Lawsuit accuses big oil of deceiving the public about climate changes

July 3, 2008 | By | Reply More

The ocean is now washing away the Alaskan village of 400 Inupiat villagers. According to story and these interviews by DemocracyNow’s Amy Goodman, the villagers have responded by filing suit against twenty Oil, gas and electric companies, accusing them of “conspiracy to mislead the public about the causes of global warming.”

How has financing the global warming deniers contributed to this damage?

Well, the denial movement has flourished, in part, because of the preoccupation of the media with balance and with controversy. And so, if you have 3,000 scientists working for years and producing a report that says our considered opinion is the climate is changing by this much, it’s changing this fast, it’s having these effects, and you have two or three so-called denialists or a few small think tanks, some of which were certainly funded by Exxon, saying the opposite, they get equal time. The deniers get equal time in the newspapers, on the television.

Another problem is that a denier can tell a lie in a single sentence that takes a scientist three paragraphs to rebut, but the scientist never gets the three paragraphs in the sound bite culture that our media represent. And so, the denialists, even though they are small in number, they have no credible arguments, very few of them have any scientific credentials, get attention out of all proportion to their credentials, the merit of their arguments, and that delays the generation of public understanding and political will to do the things we need to do to address this challenge. There are a lot of things we can do, but we have been delaying doing them, in part because the so-called skeptics, or more accurately deniers or denialists, have basically obscured reality for much of the public and indeed for many of our policymakers.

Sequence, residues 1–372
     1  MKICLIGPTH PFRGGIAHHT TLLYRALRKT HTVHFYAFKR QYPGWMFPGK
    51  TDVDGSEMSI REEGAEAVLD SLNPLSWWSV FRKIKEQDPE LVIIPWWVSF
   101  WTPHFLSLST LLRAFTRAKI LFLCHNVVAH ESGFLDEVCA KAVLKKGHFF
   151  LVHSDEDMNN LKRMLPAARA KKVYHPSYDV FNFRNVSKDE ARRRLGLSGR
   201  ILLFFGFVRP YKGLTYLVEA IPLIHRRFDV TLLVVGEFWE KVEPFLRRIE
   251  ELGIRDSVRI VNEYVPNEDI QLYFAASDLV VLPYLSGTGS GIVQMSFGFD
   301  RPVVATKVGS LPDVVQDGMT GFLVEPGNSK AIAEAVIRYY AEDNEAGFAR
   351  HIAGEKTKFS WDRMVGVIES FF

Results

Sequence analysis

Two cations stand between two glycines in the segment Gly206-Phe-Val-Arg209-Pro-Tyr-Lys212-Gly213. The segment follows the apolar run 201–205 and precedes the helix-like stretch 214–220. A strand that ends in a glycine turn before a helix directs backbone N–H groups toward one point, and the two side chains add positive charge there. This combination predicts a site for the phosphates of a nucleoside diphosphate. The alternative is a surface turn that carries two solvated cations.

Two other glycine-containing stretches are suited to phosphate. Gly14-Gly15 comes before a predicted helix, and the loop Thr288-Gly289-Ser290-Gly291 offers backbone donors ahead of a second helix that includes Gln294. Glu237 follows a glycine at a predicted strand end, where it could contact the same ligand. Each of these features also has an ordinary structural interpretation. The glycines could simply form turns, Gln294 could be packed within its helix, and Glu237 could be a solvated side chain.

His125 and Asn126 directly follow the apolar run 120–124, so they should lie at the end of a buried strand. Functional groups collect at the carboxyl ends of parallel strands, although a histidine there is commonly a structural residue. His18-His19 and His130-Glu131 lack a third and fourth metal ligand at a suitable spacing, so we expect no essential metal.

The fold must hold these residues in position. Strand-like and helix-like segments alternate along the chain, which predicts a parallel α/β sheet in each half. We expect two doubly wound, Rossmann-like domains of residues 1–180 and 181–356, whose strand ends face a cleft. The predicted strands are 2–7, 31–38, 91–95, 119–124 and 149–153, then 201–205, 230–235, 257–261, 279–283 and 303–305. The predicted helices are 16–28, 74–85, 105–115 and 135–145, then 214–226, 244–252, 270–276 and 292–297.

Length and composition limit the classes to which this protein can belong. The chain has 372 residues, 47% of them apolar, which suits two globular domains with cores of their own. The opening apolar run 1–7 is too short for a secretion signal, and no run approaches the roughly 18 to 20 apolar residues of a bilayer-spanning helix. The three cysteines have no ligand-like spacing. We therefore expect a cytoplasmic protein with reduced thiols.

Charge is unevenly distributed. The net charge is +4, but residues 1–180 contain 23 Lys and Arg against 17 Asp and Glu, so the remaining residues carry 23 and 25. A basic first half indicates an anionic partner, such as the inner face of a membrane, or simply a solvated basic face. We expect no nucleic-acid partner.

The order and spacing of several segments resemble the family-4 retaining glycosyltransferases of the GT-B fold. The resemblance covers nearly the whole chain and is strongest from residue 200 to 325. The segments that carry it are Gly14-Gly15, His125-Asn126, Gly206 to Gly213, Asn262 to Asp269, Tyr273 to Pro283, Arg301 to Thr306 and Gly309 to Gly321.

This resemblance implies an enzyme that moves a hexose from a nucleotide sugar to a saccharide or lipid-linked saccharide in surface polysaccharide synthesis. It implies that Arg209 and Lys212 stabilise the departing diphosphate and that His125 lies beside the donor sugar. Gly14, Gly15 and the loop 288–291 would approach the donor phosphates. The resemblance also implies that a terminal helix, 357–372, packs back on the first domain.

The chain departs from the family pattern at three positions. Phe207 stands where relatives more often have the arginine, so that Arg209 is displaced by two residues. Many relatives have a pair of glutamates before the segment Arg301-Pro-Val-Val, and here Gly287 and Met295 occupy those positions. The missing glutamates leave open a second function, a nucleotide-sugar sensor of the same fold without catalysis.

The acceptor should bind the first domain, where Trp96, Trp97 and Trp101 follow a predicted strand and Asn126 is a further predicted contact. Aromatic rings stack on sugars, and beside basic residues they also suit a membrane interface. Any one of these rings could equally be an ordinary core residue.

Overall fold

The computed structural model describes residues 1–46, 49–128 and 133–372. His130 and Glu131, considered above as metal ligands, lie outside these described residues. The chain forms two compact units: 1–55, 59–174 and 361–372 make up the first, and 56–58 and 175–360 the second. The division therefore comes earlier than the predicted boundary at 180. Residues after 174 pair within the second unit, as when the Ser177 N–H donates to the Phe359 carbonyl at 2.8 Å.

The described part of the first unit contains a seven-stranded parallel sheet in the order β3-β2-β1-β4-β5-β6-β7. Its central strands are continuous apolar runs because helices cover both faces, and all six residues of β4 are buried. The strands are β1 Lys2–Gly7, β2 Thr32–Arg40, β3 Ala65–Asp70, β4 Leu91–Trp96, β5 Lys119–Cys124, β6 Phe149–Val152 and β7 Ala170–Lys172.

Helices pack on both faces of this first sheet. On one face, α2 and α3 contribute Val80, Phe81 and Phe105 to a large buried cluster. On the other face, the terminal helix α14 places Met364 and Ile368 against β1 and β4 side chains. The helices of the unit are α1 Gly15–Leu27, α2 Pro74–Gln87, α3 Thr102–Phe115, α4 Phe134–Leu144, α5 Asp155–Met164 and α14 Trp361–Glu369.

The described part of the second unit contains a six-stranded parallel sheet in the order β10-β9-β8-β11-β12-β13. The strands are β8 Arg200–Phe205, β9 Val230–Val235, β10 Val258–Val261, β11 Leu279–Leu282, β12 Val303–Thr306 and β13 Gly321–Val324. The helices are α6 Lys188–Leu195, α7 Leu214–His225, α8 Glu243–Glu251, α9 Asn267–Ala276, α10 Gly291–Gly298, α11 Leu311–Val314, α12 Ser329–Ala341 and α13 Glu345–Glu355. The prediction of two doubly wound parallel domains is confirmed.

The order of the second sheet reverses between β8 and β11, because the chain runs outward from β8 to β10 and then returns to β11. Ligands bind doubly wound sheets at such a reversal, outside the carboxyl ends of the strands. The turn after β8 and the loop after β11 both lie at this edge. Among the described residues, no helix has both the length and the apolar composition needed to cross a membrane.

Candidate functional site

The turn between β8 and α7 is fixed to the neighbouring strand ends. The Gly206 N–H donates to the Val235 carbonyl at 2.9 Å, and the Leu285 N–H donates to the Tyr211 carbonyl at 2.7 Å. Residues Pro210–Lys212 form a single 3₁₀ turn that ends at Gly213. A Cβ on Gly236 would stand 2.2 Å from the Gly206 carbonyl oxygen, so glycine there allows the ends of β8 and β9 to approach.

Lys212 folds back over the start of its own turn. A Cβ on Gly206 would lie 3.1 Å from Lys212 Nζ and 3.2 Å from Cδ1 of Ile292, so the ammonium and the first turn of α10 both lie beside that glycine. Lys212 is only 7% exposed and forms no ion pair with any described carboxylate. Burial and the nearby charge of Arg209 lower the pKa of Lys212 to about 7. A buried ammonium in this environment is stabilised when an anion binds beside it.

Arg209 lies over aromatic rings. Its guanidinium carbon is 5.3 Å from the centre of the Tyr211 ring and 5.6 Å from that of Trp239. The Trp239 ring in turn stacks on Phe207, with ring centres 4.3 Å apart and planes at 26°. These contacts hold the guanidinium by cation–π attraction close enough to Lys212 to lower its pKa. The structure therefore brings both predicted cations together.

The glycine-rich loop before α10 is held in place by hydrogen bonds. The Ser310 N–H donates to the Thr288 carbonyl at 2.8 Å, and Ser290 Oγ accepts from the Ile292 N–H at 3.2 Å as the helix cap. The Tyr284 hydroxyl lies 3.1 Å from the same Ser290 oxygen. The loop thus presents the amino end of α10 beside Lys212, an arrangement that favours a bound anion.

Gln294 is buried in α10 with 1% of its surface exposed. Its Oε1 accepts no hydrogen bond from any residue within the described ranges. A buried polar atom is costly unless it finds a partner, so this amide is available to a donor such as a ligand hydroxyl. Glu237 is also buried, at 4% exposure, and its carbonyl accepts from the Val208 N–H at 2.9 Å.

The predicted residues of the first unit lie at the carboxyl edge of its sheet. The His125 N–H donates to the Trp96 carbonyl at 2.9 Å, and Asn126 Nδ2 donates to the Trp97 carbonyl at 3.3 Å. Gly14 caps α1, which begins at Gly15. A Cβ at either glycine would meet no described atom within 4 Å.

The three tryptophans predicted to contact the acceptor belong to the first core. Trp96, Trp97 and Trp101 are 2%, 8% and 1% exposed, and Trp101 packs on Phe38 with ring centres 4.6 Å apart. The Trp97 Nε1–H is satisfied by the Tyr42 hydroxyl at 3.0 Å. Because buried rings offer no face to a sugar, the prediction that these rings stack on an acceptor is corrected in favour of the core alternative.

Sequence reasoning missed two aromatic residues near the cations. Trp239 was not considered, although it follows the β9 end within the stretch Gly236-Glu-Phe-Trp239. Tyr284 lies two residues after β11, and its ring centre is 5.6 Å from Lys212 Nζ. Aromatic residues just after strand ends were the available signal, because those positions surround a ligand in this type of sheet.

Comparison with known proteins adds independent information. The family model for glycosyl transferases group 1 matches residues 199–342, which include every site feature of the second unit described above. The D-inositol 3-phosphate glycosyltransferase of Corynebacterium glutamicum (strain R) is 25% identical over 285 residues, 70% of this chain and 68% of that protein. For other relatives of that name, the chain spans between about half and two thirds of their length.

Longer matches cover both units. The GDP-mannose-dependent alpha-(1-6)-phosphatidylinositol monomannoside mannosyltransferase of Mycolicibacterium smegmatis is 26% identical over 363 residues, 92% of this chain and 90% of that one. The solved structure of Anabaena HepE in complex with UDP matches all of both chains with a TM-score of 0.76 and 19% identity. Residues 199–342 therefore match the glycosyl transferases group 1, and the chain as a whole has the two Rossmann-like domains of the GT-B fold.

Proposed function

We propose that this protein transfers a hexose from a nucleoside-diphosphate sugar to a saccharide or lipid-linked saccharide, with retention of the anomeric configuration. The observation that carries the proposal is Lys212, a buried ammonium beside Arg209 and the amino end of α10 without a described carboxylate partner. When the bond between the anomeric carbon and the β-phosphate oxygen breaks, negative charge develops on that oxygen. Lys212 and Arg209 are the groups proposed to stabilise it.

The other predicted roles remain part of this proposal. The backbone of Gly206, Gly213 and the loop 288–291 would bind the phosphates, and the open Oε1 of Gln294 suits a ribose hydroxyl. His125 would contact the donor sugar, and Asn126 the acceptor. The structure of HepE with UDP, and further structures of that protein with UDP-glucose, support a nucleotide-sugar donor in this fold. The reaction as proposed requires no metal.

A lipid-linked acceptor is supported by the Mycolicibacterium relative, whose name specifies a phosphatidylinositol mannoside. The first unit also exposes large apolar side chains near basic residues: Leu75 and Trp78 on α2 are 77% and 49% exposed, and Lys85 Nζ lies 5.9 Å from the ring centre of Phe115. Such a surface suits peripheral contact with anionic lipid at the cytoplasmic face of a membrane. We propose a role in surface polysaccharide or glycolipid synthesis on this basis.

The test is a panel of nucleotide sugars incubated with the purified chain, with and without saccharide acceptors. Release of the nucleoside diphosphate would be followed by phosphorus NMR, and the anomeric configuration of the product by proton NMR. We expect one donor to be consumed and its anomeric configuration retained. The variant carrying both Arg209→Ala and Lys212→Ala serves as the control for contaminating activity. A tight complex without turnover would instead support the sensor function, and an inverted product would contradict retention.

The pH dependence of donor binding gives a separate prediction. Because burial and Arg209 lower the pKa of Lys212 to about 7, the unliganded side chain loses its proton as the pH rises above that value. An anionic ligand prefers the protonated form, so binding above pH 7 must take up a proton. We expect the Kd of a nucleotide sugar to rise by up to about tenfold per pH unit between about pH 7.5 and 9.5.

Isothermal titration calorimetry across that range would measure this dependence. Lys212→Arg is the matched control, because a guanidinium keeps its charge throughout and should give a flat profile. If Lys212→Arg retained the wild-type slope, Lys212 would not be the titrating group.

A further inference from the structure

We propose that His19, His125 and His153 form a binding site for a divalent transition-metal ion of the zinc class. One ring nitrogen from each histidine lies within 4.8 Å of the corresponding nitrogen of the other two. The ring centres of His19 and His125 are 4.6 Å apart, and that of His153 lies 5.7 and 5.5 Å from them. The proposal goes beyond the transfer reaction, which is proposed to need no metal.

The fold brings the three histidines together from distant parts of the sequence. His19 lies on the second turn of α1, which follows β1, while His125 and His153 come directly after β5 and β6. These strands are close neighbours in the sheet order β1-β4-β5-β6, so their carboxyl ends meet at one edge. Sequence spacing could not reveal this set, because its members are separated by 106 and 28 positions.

This suit is a landmark suit in that it is the first global warming damage suit based on a conspiracy by industry players to provide misinformation.

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About the Author ()

Erich Vieth is an attorney focusing on consumer law litigation and appellate practice. He is also a working musician and a writer, having founded Dangerous Intersection in 2006. Erich lives in the Shaw Neighborhood of St. Louis, Missouri, where he lives half-time with his two extraordinary daughters.

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